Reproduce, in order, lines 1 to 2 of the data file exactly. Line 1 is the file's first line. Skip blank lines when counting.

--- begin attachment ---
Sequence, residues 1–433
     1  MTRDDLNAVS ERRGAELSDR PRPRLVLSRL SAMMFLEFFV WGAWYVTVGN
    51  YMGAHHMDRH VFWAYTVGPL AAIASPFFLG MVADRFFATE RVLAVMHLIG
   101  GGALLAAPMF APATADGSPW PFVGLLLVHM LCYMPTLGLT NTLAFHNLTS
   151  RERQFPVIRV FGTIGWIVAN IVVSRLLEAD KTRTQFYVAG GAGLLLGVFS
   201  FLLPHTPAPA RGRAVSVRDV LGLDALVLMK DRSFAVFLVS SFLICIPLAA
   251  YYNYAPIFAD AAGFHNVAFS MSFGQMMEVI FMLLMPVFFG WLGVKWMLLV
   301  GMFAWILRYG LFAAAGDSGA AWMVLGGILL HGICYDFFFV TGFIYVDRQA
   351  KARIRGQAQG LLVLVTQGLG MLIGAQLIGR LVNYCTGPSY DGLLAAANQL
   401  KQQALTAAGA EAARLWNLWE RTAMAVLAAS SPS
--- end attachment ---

Sequence, residues 1–433
     1  MTRDDLNAVS ERRGAELSDR PRPRLVLSRL SAMMFLEFFV WGAWYVTVGN